Professional football[]

Starting in September 1975, the stadium was home to the World Football League's Hawaiians[38][39] who played their last four home games there.[40] The San Francisco 49ers and the San Diego Chargers played an NFL preseason game at Aloha Stadium on August 21, 1976. In August 2019, the NFL returned to the stadium with a preseason game between the Los Angeles Rams and Dallas Cowboys.[41]

The National Football League's all-star game, the Pro Bowl, was held annually at the stadium from 1980 through 2016, except in 2010 and 2015.


The stadium served as the home field for the Hawaii Islanders, a Triple-A team competing in the Pacific Coast League, from 1976 to 1987.

In 1997, a three-game regular season series between St. Louis Cardinals and San Diego Padres of Major League Baseball (MLB) was held at the stadium.[42] Called the Padres Paradise Series, the series was played as a doubleheader on April 19 and a nationally broadcast (ESPN) game on April 20.[43] In 1979, the Padres had played a three-game preseason series against the Seibu Lions of Japan's Pacific League at the stadium.[44]

See also[]

  • List of NCAA Division I FBS football stadiums


  1. 1.0 1.1 1.2 "Texas A and I crushes Hawaii", The Spokesman-Review, September 15, 1975, p. 15. 
  2. Aloha Stadium – Trivia.
  3. 3.0 3.1 Aloha Stadium to shut down operations indefinitely (in en-US). KHON2 (December 17, 2020).
  4. 4.0 4.1 Hawaii Athletics – Aloha Stadium.
  5. 2010 CENSUS - CENSUS BLOCK MAP: Halawa CDP, HI. U.S. Census Bureau.
  6. "Aloha Stadium says goodbye to UH", December 17, 2020. Retrieved on January 23, 2021. 
  7. Hawaii's premier Aloha Stadium Swap Meet an Outdoor Market in Hawaii|Aloha Outdoor Market, Flea Markets and Swap meet for shopping in Honolulu. (September 12, 1975).
  8. Crowley, Kurt. "'Metal Mecca' Aloha Stadium Closed Indefinitely", December 20, 2020. Retrieved on February 1, 2021. 
  9. Aloha Stadium Swap Meet "About Us" page.
  10. Brown, Brandon. Carlo Kemp Shows Off The Jets, Takes Home MVP Award.
  11. 11.0 11.1 Kaneshiro, Stacy. "Islanders a fan hit during 27-year run", July 4, 2009. 
  12. 12.0 12.1 12.2 Borsch, Ferd. "Islanders forfeit by 2 feet", May 8, 1976, p. 1. Retrieved on January 23, 2021. 
  13. Stewart, Chuck. "Sport Stew", September 1, 1976, p. 35. 
  14. "Salt Lake and Hawaii open PCL title go", September 8, 1976, p. 10. Retrieved on January 23, 2021. 
  15. Masuoka, Brandon. "Aloha Stadium losing baseball configuration", The Honolulu Advertiser, July 28, 2006. 
  16. Convertible Stadium. NASA.
  17. Kieding, Bob (2012). Popular Science pp. 8. Wright's Media.
  18. Cite error: Invalid <ref> tag; no text was provided for refs named rust
  19. "Aloha Stadium seeks $7.7M or it might have to close sections", Honolulu Star-Advertiser, February 4, 2020.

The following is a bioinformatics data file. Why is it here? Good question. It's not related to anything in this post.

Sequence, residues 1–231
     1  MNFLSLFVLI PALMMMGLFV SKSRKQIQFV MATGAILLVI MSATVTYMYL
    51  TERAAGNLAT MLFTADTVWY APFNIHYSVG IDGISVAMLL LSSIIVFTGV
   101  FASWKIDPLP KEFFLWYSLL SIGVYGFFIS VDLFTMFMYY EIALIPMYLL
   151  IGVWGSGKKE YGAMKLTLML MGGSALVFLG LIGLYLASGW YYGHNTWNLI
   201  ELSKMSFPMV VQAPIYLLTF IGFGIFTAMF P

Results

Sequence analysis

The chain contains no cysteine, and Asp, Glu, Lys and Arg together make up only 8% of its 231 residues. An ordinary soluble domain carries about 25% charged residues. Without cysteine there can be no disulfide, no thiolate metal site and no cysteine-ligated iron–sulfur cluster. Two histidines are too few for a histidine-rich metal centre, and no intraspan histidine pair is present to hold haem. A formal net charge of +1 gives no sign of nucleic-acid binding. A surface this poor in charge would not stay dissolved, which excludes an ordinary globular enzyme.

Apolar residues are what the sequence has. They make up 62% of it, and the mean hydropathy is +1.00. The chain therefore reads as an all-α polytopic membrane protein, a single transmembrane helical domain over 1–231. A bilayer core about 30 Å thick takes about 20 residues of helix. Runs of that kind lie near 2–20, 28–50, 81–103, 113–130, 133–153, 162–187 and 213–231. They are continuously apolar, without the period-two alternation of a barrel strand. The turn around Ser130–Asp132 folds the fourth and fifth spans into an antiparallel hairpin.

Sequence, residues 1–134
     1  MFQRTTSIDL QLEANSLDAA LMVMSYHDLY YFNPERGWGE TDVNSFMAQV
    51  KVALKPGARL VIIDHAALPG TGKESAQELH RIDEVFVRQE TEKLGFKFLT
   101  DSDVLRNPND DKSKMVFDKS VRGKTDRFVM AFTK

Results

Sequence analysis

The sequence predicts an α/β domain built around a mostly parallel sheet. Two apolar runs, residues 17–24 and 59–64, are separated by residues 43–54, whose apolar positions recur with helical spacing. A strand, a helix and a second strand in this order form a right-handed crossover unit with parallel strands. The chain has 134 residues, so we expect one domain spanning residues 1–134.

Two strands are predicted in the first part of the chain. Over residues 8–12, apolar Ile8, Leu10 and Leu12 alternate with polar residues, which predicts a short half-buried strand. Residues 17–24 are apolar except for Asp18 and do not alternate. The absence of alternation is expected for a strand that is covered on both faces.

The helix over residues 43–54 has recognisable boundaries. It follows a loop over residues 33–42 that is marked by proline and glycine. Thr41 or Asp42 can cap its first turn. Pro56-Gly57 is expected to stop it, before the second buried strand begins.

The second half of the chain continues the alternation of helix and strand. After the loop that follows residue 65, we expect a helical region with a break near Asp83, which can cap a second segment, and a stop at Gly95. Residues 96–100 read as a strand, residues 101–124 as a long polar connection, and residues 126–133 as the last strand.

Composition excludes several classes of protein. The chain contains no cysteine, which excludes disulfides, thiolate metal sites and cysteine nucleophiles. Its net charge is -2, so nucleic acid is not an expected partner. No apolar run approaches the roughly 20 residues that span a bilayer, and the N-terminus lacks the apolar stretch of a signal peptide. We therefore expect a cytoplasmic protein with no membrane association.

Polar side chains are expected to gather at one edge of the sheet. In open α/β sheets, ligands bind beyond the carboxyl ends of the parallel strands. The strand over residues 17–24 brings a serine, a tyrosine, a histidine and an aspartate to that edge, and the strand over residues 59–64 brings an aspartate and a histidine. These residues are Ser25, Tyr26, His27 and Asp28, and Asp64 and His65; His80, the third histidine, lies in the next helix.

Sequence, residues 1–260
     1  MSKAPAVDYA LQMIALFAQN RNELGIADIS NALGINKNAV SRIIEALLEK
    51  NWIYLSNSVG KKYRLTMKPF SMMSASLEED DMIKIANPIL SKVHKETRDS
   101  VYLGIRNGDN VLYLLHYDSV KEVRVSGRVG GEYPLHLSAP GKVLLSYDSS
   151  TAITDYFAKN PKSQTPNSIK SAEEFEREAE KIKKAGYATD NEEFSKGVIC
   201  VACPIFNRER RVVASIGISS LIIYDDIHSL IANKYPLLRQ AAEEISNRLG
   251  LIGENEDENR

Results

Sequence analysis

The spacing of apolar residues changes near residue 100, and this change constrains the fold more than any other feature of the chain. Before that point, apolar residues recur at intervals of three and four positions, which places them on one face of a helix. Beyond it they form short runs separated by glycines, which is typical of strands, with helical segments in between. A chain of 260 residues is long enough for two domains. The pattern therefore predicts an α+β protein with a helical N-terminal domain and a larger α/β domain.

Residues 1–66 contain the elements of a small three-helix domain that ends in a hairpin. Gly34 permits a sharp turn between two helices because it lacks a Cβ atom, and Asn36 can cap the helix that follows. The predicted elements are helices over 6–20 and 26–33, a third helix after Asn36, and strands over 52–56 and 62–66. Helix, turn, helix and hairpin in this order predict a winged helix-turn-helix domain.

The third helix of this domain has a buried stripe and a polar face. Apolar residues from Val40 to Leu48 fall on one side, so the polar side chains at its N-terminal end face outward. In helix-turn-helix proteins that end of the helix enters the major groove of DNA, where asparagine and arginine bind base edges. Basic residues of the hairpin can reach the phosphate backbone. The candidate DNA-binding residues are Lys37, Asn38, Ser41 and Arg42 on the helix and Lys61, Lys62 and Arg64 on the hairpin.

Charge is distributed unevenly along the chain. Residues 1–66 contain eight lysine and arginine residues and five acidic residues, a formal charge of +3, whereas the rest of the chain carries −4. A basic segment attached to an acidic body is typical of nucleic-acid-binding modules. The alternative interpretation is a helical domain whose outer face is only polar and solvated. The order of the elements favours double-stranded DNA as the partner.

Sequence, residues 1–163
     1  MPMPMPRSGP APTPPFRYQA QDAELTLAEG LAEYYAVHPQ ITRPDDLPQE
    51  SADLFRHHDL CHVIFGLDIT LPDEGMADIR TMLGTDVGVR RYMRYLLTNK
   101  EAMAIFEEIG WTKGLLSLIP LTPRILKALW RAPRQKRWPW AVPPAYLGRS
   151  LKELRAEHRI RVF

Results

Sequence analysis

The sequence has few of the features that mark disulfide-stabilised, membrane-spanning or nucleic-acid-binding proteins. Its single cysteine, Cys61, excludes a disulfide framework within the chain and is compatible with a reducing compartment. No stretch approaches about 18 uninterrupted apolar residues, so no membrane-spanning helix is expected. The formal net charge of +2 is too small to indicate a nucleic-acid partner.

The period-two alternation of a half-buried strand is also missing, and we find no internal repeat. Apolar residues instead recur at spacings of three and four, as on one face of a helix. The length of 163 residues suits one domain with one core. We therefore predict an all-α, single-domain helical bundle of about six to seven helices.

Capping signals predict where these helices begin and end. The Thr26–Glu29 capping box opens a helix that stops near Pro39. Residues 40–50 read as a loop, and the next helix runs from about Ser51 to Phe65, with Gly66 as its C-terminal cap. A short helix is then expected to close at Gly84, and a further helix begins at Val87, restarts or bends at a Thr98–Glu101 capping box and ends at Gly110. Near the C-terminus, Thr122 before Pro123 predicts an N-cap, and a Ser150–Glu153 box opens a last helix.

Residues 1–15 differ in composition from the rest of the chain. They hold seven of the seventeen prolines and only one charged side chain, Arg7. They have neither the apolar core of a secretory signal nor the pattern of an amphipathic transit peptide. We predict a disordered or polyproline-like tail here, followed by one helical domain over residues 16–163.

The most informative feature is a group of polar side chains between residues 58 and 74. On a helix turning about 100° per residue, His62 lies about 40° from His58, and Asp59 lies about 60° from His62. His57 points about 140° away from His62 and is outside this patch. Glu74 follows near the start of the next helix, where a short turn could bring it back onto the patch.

20. "Honolulu Star-Bulletin Breaking Stories", Honolulu Star-Bulletin, June 25, 1996. 
  21. "Stadium rust to get $12.4M treatment", May 11, 2007. 
  22. Reardon, Dave. "Super Dreams: Bringing the 50th Super Bowl to the 50th state would be costly", Honolulu Star-Bulletin, April 3, 2006. 
  23. Arakawa, Lynda. "Stadium rust to get $12.4M treatment", The Honolulu Advertiser, May 11, 2007. 
  24. Cite error: Invalid <ref> tag; no text was provided for refs named turf
  25. Masuoka, Brandon. "Hawaii stadium to get $185M overhaul; UH expands pay-per-view package", June 27, 2008. 
  26. Hawaiian Airlines Grabs Naming Rights To Aloha Stadium Field; SponsorPitch; 08-04-2011 Archived November 17, 2011, at the Wayback Machine
  27. "Credit union buys naming rights for Aloha Stadium field", August 26, 2016. 
  28. "Study recommends smaller venue to replace Aloha Stadium". 
  29. "Report: Aloha Stadium now a 'liability,' cheaper to build new stadium". 
  30. Peterkin, Olivia. "Gov. Ige signs bill appropriating $350M to Aloha Stadium redevelopment project", Pacific Business News, May 11, 2019. 
  31. Bromberg, Nick. "Hawaii without a home stadium after Aloha Stadium, a former Pro Bowl site, reportedly will be condemned", Yahoo Sports, December 17, 2020. (en-US) 
  32. "New events halted at Aloha Stadium over virus, budget issues", December 18, 2020. Retrieved on January 23, 2021. 
  33. Chinen, Kyle. "'Bows to play football home games on campus after Aloha Stadium fallout", January 11, 2021. Retrieved on January 23, 2021. 
  34. "New Aloha Stadium". 
  35. "3 finalists to build, design new Aloha Stadium announced". 
  36. "Plans for new stadium taking shape". 
  37. Tsai, Stephen. "Hula Bowl could be 'aloha' for stadium", January 31, 2021. Retrieved on January 31, 2021. 
  38. Tominaga, Lance (November 13, 2021). Legacy of Aloha.
  39. University of Hawai‘i’s Football Field History (July 28, 2021).
  40. Cusano, Jim. The Hawaiians — 1975 WFL Team Pages.
  41. Klein, Gary. "Rams to play Cowboys in Hawaii in Aug. 17 preseason game", March 21, 2019. (en-US) 
  42. Aloha Stadium in Honolulu, HI. Retrieved on January 31, 2021.
  43. "Padres, Cardinals to play in Hawaii", Honolulu Star-Bulletin, February 25, 1997. 
  44. "Sports today: Baseball", April 1, 1979, p. J-1. Retrieved on January 31, 2021.